In the traditional HEP analysis paradigm, code, documentation, and results are separate entities that require significant effort to keep synchronized, which hinders reproducibility. Jupyter notebooks allow these elements to be combined into a single, repeatable narrative. HEP analyses, however, commonly rely on complex software stacks and the use of distributed computing resources, requirements that have been barriers to notebook adoption. In this presentation we describe how Jupyter can be combined with Parsl (Parallel Scripting Library) and containers to enable intuitive and interactive high performance computing in Python.
Parsl is a pure Python library for orchestrating the concurrent execution of multiple tasks. Parsl is remarkable for its simplicity. Its primary construct is an “app” decorator, which the programmer uses to indicate that certain functions (either pure Python or wrappers around shell programs) are to be treated as “apps.” App function calls then result in the creation of a new “task” that runs concurrently with the main program and other tasks, subject to dataflow constraints defined by the availability of app function input data. Data dependencies can be in-memory objects, or external files. App decorators can further specify which computation resources to use and the required software environment to run the decorated function. Parsl abstracts hardware details, allowing a single script to be executed efficiently on one or more laptops, clusters, clouds, and/or supercomputers. To manage complex execution environments on various resources and also to improve reproducibility, Parsl can use containers— lightweight, virtualized constructs for packaging software with its environment— to wrap tasks.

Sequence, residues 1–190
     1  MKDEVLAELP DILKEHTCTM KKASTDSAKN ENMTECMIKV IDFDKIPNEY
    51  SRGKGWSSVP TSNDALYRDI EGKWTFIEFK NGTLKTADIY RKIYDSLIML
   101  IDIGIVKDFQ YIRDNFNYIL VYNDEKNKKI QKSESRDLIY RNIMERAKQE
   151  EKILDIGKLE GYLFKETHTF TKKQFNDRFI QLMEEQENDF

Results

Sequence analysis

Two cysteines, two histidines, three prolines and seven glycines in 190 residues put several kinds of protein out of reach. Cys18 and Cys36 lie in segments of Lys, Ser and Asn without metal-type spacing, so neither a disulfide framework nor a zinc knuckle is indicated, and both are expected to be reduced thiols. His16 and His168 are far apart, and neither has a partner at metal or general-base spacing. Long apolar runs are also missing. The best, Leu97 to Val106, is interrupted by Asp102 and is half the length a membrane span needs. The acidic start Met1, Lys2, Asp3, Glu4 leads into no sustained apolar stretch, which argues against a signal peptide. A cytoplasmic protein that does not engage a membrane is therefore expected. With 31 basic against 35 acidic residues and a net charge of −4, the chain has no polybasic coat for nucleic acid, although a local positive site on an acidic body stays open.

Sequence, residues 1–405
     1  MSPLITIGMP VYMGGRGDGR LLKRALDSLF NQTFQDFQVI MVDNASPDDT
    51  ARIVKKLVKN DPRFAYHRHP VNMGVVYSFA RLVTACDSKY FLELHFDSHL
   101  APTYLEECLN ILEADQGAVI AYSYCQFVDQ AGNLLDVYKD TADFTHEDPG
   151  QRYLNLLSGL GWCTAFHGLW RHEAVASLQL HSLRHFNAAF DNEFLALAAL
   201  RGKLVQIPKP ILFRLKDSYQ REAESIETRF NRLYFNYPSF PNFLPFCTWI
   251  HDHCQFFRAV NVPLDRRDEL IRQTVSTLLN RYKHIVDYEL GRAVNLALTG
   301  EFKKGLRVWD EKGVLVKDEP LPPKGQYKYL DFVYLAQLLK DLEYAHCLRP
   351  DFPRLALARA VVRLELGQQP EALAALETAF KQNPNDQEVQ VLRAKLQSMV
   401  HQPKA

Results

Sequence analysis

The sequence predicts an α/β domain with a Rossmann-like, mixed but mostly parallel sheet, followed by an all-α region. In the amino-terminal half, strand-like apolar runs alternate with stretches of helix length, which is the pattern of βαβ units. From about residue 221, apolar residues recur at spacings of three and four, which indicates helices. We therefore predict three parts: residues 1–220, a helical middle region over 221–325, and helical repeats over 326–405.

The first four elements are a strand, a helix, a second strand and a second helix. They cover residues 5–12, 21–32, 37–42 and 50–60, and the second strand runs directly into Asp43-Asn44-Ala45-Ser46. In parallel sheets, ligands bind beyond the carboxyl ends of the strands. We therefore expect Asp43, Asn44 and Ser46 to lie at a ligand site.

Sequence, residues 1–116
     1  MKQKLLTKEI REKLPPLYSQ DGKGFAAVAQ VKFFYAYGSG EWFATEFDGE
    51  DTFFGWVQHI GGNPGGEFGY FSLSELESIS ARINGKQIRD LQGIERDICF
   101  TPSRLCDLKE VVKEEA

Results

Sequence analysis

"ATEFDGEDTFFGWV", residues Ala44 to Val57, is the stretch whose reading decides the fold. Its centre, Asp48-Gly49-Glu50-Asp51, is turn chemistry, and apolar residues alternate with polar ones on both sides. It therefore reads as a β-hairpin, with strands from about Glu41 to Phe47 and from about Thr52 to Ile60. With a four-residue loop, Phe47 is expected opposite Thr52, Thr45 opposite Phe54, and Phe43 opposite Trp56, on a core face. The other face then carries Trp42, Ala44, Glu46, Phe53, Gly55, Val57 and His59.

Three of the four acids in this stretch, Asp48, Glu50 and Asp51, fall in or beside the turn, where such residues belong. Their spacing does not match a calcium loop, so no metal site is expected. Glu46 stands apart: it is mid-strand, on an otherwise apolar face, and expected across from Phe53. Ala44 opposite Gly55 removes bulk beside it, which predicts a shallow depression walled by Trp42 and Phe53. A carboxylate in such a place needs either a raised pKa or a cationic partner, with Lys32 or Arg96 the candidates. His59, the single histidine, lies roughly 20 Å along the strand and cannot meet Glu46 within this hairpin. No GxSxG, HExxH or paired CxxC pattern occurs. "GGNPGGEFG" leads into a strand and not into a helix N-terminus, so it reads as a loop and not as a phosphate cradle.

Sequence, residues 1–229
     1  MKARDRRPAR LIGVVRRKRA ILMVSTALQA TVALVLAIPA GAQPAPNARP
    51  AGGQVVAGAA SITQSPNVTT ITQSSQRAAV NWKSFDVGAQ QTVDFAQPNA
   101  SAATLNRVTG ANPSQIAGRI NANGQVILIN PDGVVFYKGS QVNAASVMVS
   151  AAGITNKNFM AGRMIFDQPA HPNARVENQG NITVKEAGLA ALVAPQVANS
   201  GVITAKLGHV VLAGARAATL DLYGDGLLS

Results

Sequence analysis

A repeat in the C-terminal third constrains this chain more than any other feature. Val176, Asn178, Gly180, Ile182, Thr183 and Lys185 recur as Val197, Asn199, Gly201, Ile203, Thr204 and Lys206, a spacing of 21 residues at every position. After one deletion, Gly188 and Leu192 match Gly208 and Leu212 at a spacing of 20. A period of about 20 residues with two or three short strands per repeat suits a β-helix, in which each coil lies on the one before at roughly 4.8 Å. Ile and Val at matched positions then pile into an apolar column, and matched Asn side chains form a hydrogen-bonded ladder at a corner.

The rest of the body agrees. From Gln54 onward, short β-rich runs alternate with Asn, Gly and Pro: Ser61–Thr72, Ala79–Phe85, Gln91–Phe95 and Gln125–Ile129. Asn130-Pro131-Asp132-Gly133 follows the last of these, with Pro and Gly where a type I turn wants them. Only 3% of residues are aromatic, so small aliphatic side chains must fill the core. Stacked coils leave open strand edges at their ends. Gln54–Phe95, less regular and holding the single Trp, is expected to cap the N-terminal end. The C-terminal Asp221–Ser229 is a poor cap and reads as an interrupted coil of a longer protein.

In this presentation we 1) show how a real-world complete HEP analysis workflow can be developed with Parsl and 2) demonstrate efficient and reproducible execution of such workflows on heterogeneous resources, including leadership-class computing facilities, using containers to wrap analysis code, Parsl to orchestrate the execution of these containers, and Jupyter as the interface for writing and executing the Parsl script.